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G-20 Vague On Environmental Sustainability

By Ted Nelson ecomii.com
September 28, 2009
File under: Alternative Energy, Carbon Emission Reduction, Clean Energy, Economy, Global Initiatives

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The Group of 20 (G-20) meeting in Pittsburgh has yielded promise on the environmental sustainability front… but not quantifiable, time-specific progress.

Developing nations–including the member states of the African Union–and international leaders–including former United Nations Secretary General Kofi Annan–have been vocal about what they want from December’s international climate change meeting in Copenhagen: a well defined plan for how developed countries will help support environmentally sustainable development in the developing world.

The G-20, a club for the heads of state of powerful  countries, acknowledged that they want to take action on this issue. They did not, however, define how much action they want to take.

They have left this task to their finance ministers, setting a November due date for a “range of possible options.”

Phasing out fossil fuel subsidies is an absolutely necessary step. Pushing renewables while continuing to artificially power the price of the fossil fuels against which they are competing makes little sense economically or environmentally.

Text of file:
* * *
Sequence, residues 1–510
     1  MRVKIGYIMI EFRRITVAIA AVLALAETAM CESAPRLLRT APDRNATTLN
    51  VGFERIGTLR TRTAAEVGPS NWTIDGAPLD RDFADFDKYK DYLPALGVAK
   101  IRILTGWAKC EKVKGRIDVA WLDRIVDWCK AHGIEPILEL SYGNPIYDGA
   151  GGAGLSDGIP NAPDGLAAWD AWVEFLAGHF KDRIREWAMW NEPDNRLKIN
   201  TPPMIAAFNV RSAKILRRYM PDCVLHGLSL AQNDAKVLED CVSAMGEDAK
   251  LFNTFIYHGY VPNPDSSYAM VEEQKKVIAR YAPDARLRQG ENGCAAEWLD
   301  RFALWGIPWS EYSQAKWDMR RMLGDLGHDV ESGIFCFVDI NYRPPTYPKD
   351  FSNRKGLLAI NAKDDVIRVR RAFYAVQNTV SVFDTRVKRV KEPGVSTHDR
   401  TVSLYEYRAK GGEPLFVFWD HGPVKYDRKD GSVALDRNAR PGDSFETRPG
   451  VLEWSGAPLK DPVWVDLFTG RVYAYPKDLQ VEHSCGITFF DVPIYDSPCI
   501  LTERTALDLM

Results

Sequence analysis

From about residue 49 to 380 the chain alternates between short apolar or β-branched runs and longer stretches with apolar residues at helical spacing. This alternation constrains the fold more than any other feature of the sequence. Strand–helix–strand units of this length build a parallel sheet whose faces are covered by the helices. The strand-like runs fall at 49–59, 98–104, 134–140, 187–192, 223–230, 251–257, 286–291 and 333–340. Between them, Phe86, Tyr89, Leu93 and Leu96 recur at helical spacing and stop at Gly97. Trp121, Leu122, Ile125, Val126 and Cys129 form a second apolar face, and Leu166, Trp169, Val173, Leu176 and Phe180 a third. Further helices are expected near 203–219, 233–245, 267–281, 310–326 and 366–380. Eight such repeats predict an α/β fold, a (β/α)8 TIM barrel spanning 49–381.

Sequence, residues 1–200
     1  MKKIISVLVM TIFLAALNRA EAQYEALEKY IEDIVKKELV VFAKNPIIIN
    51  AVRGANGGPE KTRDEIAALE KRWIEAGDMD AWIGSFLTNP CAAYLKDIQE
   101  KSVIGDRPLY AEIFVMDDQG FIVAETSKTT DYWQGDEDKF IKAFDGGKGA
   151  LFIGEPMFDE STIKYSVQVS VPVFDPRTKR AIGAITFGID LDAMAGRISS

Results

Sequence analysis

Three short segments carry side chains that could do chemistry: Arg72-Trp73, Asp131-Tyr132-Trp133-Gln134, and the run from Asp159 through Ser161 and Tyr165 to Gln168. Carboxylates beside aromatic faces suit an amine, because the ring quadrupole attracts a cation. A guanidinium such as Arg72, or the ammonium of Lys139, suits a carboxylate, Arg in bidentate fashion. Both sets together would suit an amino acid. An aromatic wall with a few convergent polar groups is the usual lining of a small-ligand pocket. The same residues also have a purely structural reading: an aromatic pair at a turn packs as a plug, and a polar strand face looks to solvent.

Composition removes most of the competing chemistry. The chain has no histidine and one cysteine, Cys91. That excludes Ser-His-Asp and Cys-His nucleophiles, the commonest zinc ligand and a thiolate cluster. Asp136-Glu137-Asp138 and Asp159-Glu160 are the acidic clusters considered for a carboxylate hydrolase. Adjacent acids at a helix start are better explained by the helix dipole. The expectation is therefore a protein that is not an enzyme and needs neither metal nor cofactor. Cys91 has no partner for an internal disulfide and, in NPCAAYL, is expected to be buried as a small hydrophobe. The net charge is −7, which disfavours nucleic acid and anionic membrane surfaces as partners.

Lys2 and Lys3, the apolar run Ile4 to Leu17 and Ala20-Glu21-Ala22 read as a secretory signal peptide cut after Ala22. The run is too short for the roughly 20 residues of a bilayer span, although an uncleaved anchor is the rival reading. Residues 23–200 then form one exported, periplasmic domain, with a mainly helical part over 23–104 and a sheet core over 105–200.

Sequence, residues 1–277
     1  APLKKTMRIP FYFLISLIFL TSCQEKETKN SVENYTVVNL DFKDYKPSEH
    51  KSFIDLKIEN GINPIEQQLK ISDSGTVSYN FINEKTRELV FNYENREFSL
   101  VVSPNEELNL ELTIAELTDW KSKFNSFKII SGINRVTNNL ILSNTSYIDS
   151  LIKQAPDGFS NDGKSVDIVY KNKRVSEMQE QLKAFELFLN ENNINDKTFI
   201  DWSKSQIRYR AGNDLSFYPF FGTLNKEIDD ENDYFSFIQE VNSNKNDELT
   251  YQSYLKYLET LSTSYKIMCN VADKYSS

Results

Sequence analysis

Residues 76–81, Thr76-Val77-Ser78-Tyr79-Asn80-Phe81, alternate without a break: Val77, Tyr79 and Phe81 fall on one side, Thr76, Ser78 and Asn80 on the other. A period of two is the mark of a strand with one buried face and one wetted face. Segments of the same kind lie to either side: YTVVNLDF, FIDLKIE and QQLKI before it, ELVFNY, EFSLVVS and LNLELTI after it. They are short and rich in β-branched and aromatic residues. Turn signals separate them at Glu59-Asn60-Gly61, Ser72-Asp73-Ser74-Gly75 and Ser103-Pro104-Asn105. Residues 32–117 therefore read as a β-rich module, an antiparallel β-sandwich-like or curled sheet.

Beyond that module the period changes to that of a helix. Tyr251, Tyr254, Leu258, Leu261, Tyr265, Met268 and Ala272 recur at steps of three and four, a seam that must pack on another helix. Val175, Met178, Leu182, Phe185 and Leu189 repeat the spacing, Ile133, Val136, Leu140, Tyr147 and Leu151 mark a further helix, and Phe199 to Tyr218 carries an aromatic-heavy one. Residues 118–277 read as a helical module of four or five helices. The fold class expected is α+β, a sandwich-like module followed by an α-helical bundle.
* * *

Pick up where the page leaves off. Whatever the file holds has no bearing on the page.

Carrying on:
Eradicating these subsidies will make renewables most cost competitive and lower demand for dirty fossil fuels. Fossil fuels provide not only the vast majority of transport fuel in the US, but also the majority of electrical power.

G-20 leaders agreed to phase out subsidies for fossil fuels over “the medium term.” However, no specific time table was set. While some countries–including the United States–favor the phase out, others–such as Russia–are not sold on the measure. This led to the vague language of the agreement.

This week’s meetings in Pittsburgh were thought of as a key indicator of how much progress will be made in Copenhagen. An agenda and some level of shared understanding and will to act may have been established in Pittsburgh.

However, an overall aversion to come together and act in a concrete way is a negative sign leading up to Copenhagen, where the primary goal is crafting an agreement set to supplement and hopefully exceed the Kyoto Protocol.

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